Finding a nanny is a little like finding a husband. It’s all about chemistry and you have to be patient and willing to wait for the right person to come along. It’s also one of the most nerve-wracking things you will do as a parent. Many of you contacted me to say how helpful my post on the nanny tax was and wanted to know how I chose my nanny. This post is for you.
When making the decision to hire a nanny you may have in mind a cross between Mary Poppins and Nanny McPhee. Or perhaps you envision a sweet woman in her fifties named Olga who knows how to cure childhood ailments with home remedies, teaches your child French and flawless table manners. The reality is that nannies come from a variety of backgrounds and there is no one “ideal” — only someone who is the right match for your family. We’ve had our nanny Eva, since D2 was three months old. He adores her. We adore her. And I feel very blessed to have found someone who cares as much for my son as I do. I started my search for a nanny while I was out on maternity leave and the stress of recovering from a C-section and trying to find someone just a few short months before going back to work was nearly too much for me. Looking back there was so much I wish I had known. If you are serious about hiring a nanny, here are a few tips to get you started:
Step 1: Figure out if you can afford it. Nanny salaries vary dramatically by region and by the experience of the candidate. I live in the Southeast where salaries for a live out nanny start on the low end at about $450 per week for one child and $650 per week for two – three children. While paying health insurance is not required, it’s a nice benefit and gives you access to a broader pool of experienced career nannies. Regardless of what you pay your nanny, you will need to file employee taxes on her. Yes, many people get away with not paying taxes on their nanny but you should know it’s illegal not to do so. So figure this into your budget calculations. Your taxes will vary depending on your nanny’s salary. Mine run about $1,000 per quarter. Check out my past columns on the nanny tax for more detailed information on filing employee taxes or check out a site like 4Nannytaxes.com . One option that is becoming increasingly popular for couples who would like a nanny but can’t afford it on their own is a nanny share. This is where you and another family would hire a nanny to watch both of your children at one of your houses. As the economy has dried up disposable incomes, more nannies are becoming open to a nanny share arrangement.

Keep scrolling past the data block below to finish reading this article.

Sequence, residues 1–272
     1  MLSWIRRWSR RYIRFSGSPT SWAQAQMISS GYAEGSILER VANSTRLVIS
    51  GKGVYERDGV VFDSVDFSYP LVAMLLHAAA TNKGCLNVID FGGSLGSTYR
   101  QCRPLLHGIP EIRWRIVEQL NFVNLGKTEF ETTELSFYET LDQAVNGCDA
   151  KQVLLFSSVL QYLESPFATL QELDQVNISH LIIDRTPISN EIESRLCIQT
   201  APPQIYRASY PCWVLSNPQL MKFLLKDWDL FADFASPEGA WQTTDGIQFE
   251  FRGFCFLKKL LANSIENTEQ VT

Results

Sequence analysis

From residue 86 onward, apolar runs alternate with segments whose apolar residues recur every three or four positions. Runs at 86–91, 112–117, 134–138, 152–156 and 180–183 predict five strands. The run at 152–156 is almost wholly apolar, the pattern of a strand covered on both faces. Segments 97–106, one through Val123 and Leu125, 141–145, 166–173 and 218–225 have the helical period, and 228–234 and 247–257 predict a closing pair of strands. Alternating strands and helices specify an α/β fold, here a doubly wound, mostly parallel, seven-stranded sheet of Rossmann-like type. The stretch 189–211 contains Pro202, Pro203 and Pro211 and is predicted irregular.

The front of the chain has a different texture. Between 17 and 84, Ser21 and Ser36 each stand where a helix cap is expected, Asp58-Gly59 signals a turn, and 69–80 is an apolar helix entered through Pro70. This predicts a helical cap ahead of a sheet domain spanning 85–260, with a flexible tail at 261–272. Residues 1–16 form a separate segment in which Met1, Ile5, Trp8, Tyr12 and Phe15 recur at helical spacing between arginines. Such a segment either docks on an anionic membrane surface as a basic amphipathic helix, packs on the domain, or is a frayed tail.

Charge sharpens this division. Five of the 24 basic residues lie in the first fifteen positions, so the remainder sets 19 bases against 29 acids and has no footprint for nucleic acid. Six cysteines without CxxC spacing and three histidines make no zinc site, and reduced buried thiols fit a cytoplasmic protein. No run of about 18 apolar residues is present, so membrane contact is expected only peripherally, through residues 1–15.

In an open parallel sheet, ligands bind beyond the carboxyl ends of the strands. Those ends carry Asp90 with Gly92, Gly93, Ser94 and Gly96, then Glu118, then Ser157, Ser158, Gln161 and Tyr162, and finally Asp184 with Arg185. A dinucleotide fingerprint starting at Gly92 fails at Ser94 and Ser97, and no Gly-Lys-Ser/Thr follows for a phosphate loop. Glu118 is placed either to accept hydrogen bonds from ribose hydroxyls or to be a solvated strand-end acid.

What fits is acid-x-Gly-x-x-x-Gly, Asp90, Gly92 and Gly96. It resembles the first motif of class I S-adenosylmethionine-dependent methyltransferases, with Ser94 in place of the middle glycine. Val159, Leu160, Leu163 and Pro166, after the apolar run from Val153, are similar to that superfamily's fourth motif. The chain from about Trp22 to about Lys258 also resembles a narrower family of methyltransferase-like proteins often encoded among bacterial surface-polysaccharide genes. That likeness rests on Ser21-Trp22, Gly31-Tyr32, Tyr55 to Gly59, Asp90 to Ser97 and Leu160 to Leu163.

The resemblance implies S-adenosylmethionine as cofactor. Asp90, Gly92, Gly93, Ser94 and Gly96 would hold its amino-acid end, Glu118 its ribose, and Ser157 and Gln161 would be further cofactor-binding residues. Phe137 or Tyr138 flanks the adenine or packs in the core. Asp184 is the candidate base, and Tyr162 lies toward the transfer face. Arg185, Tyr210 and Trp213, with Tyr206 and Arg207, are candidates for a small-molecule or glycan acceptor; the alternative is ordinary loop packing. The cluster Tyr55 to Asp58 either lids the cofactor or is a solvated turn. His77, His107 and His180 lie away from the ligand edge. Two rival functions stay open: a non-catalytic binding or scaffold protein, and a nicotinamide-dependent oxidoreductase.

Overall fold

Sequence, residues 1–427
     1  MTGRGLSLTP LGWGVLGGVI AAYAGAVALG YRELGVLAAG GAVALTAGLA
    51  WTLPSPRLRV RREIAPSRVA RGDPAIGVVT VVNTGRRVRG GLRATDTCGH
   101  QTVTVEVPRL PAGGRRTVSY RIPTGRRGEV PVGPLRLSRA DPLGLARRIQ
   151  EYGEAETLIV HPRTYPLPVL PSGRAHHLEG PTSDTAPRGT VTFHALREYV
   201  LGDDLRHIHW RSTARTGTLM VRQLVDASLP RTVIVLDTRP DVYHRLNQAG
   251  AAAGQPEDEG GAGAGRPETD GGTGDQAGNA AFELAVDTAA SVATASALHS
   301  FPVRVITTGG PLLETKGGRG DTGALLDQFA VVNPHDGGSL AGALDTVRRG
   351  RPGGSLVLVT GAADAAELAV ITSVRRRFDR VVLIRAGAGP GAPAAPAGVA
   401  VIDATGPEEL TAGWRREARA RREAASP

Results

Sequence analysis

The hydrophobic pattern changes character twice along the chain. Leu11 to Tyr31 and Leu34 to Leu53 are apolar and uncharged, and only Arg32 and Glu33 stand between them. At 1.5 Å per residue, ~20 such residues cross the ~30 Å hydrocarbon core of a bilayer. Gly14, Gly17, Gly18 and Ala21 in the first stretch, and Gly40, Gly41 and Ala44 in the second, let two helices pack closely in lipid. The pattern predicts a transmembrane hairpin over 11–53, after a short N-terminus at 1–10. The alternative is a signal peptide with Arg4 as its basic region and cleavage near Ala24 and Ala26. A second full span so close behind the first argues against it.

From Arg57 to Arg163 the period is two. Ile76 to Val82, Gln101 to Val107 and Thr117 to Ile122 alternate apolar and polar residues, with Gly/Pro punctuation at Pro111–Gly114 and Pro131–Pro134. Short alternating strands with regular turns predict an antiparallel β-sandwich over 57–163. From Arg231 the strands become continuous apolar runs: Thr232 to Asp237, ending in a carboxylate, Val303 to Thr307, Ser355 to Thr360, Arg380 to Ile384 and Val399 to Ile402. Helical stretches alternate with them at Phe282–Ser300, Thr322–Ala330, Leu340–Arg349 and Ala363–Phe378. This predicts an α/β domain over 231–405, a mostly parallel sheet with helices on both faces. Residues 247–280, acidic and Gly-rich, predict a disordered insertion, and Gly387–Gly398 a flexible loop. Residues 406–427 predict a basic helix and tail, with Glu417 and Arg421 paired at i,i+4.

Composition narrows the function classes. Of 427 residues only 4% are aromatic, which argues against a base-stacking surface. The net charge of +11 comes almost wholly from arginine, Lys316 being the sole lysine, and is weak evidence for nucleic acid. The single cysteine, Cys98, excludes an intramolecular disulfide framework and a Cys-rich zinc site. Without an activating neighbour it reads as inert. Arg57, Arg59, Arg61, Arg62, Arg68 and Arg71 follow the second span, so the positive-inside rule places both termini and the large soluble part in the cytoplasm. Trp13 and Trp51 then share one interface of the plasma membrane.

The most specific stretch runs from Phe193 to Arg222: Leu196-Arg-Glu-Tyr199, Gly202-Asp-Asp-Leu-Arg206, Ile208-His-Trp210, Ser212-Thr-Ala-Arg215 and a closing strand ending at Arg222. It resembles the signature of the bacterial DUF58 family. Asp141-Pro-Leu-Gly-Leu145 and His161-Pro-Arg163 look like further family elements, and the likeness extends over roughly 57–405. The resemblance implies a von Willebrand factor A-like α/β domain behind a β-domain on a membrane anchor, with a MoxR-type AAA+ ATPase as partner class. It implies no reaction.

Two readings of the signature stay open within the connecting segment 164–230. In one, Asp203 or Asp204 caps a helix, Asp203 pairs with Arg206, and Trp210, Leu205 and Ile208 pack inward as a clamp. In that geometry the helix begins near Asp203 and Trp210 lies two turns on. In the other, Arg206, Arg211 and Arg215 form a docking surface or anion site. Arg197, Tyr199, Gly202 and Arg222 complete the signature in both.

Step 2: Think about the attributes and qualifications of your ideal candidate. Make a list of must haves and nice-to-haves for your nanny. A non-smoker and CPR and first aid certification (or a willingness to get it) were on my must-have list. Do you have a special needs child? You’ll want a nanny with some experience in this area. Are you hopeless at crafts and want your children not to miss out on this childhood perk? Put that skill on your list. You’ll find some nannies love infants and prefer to start with a family whose children are very small while others only want to work with families whose children are toddler-aged or older. Nannies come with all kinds of backgrounds. Is a college degree a must? Some nannies may lack a college degree but have deep experience in caring for children. In short, get a clear picture of your must-haves and put together a wish list to prepare you for the next step.
Step 3: Create a job description. As an executive I hire people all of the time so it was second nature for me to create a job description when I started my search. I strongly recommend you do this as well as it a) will help you clarify in your own mind what you need your nanny to do; b) will help your candidates understand your expectations and c) you can use it as a check list when you are interviewing. Here’s a typical short list of what a nanny will do: